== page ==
“Sound” Produced by Azeotrope

Among the core values of Azeotrope is the belief that theatre can and should draw together disparate communities. This, its newest production does just that. “Sound” is a bilingual play presented in spoken English and American Sign Language. Through clever use of unobtrusive live translators on stage and written translations in superscript, the entire play is accessible to both hearing and Deaf audiences.

Written by Dan Nguyen, directed by Desdemona Chiang and Howie Seago, and played by a talented cast, it turns out to be a remarkable, and, probably for most people, an unforgettable theatrical experience.

Two stories are woven within the work. The one that takes place in the late 19th C concerns Alexander Graham Bell (Richard Nguyan Sloniker), the man who sought to cure deafness, and his wife Mabel (Elizabeth Ayers Gibson) who sought a husband who gave equal attention to his family as to his work.

The other story concerns a contemporary divorced couple who have a Deaf daughter, now a teenager. The hearing mother (Lindsay Evans) agrees to allow their child to have a cochlear implant so that she can hear and fully appreciate life. The Deaf father (Ryan Schlecht) is outraged. To him, the life of a Deaf person is full and rich. Daughter Allison (Cheyenna Clearbrook) shouldn’t have that “normal” taken away from her in exchange for the greater society’s “normal.”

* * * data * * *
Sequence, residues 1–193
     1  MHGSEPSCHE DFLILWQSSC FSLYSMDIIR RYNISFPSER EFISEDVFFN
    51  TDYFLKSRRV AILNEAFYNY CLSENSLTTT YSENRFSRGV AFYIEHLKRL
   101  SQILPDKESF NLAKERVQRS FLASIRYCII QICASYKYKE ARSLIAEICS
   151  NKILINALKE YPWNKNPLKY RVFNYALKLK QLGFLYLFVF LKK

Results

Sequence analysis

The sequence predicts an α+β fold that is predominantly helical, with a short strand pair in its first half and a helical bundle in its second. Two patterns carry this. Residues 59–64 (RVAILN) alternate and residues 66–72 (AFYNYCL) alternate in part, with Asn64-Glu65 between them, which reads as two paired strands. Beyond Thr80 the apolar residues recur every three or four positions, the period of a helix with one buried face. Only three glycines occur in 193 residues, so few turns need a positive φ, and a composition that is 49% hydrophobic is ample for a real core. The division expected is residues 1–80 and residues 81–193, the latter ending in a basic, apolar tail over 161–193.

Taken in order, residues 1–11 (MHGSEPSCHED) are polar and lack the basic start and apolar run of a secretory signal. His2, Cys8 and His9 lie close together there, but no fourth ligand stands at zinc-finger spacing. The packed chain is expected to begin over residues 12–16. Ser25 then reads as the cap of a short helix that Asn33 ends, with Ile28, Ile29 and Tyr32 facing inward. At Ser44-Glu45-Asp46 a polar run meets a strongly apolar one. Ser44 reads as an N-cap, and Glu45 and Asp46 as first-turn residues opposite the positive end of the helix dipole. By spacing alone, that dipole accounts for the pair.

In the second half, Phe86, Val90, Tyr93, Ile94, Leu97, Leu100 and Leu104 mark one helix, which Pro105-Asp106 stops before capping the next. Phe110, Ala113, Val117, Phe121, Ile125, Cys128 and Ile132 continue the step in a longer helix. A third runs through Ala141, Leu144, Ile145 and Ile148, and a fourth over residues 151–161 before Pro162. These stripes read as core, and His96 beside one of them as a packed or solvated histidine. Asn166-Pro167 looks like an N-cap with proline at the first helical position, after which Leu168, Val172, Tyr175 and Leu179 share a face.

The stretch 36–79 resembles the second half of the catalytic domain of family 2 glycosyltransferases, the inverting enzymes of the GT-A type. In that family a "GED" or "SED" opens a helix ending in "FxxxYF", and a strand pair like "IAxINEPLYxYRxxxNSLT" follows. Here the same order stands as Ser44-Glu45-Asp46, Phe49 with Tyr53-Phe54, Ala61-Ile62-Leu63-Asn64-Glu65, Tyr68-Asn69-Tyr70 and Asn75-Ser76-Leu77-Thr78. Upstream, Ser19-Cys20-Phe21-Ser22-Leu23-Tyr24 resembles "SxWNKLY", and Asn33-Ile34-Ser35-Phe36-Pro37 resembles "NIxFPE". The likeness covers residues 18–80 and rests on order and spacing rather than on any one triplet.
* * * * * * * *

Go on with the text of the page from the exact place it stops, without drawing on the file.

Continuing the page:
This is a sophisticated exploration of broken families, modern teens, and, of course, the many conflicting concepts about deafness and the treatment of Deaf people within the lager society.

Ryan Schlcht, as the outraged father who so wants to protect his daughter, seethes with emotion. Lindsay W. Evans as the mother who is also committed to doing the right thing for Allison brings equal passion and love to her role. They are supported by a strong cast.

This modest production has no bells and whistles, just incredibly good acting in a powerful play on a subject that is rarely ever addressed in theatre, and is accessible to both hearing and Deaf audiences. Don’t miss it.

Through Oct. 4 in The Bullitt Cabaret at ACT, 700 Union St., Seattle, (206 292-7676 or www.acttheatre.org)

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